a variation on (or, more likely, a deviation from) isadora gruye’s “doomsday heart”

 

The clouds have piled up to the west once again,

Grave and solemn as ancient, inscrutable judges

As they roll off the lake out toward Buffalo,

Odd ciphering of dots and dashes camouflaged in the heat lightning,

The key to its code beyond our ken

(Though we suspect the message is straightforward enough:

No rain for your beans and sorghum tonight.)

We are steadfast in our belief that rain will come,

Indeed, that it must come, if for no more reason

Than our fathers believed it would come,

And their fathers before them as well,

No matter that it was a simpler time then,

And confidence and conviction simpler as well:

No maze of subsidy and acronym to navigate,

No peppers from Argentina, no corn from DuPont.

 

We have seen the grain markets roller-coaster and ricochet,

The price per hundredweight of milk crash in a manner

Which sent our citified ancestors strolling off window ledges,

And yet we continue (aided and abetted by the bank,

The co-op, the seed company, each of whom also knows

Exactly what the denouement entails) the cycle of madness:

Plow, plant, harvest, then winters of regret

Until it is time to plow and plant again,

Each year the liquid manure smelling a bit more acrid,

As if there was some Gomorrah smoldering under the surface,

Its inhabitants blind, soulless, and cackling at us

With something that may as well be malice.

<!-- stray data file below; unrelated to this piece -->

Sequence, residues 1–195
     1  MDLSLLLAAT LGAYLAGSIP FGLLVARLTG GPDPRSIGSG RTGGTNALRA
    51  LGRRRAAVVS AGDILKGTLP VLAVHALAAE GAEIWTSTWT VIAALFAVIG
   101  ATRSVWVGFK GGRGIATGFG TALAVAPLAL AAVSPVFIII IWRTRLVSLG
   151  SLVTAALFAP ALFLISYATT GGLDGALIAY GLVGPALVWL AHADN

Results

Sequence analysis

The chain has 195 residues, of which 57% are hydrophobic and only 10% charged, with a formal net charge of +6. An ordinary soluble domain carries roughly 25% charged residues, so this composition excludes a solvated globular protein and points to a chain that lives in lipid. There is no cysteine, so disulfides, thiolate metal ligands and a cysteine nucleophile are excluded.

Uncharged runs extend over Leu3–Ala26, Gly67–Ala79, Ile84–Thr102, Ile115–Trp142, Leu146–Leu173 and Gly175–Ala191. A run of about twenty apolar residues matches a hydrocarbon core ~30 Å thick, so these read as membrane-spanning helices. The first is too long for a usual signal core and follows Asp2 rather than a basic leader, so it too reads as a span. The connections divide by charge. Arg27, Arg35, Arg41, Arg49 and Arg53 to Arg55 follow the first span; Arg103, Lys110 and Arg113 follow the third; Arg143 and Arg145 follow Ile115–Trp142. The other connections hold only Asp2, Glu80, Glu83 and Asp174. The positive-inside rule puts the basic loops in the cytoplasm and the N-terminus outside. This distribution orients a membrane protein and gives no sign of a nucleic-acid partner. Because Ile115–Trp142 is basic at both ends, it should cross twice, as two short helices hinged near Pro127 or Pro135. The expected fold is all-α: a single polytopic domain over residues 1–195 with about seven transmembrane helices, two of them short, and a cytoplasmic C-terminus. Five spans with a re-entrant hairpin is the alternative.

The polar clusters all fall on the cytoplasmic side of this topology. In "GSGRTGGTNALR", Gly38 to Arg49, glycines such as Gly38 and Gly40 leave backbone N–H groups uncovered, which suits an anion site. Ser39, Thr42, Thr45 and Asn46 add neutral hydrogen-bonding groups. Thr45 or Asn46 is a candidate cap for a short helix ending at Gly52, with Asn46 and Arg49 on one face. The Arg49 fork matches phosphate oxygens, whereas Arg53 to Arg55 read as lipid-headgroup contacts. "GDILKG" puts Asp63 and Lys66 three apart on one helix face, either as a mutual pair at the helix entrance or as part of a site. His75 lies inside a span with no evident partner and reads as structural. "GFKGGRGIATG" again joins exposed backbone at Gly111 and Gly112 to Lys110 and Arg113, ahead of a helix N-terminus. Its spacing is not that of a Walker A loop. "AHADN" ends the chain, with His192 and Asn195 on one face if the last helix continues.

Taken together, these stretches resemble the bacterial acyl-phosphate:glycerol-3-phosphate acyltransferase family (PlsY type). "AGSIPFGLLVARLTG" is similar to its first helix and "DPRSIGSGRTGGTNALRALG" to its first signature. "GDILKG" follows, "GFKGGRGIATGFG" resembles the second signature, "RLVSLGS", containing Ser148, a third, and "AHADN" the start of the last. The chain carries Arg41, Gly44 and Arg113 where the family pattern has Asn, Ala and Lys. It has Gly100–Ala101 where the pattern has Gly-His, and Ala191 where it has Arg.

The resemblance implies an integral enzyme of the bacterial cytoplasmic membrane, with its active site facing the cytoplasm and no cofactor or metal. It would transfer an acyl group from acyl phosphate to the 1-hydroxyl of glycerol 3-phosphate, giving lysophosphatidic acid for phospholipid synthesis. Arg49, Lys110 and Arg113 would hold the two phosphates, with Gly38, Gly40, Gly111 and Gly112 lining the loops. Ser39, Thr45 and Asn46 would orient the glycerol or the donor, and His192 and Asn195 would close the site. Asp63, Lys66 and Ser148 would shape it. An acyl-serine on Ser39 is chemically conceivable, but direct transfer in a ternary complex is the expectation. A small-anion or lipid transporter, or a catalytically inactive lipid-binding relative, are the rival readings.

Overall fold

How to carry on, then? Surely we could not be blamed

If we rent our garments and rolled madly in the dust,

Cursing God or jabbering in tongues,

But that is not our way, has never been our way,

And so we face one more cold snap that takes the tottering lambs,

One more inconvenient frost which threatens the apples and grapes,

With antique stoicism and grimly set jaws

As we stare at one more darkening sky,

The thunder in the distance all but issuing a mocking challenge to our fidelity,

In wait for some moisture, some meteorological baptism

That is far from certain to come.

It’s what leads us to faith, so those who reside in the pulpits tell us,

Ascetic men who tip-toe through the barnyards and pastures

As though the cowflops were landmines,

But we could tell them that faith is no blank cheque which awaits us

At the end of days, but is rather the grim and desperate struggle

To force our gods and demons into a box

And somehow secure the lid as we simply try to ride it all down just one more day.

 

 

 

 

 

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6 thoughts on “a variation on (or, more likely, a deviation from) isadora gruye’s “doomsday heart”

  1. What a great, great poem. It strongly reminds me of the book, “The Worst Hard Time,” by Timothy Egan, by far the best book I’ve ever read about the Dust Bowl and the Great Depression. I think you’d like it. This poem would be perfect to place at the front of this book as part of the introduction.
    Very Nice work,
    Bill

  2. Such a cycle of depression, despair and futility, and no alternative, no hope beyond hope. You have laid the plight of countless farmers before our feet and allowed us to weep with them. Brilliant.

  3. What a strong poem! The voice in this is so clear that I feel like I’m listening to a stoic farmer tell his own story. With the despair there is also the pride. Fantastic write.

  4. Would that the cycle of despair be broken, somehow. Alas, there is no hint here of the final spirit of Hope out of Pandora’s box; only those swirling wraiths and demons that preceded.

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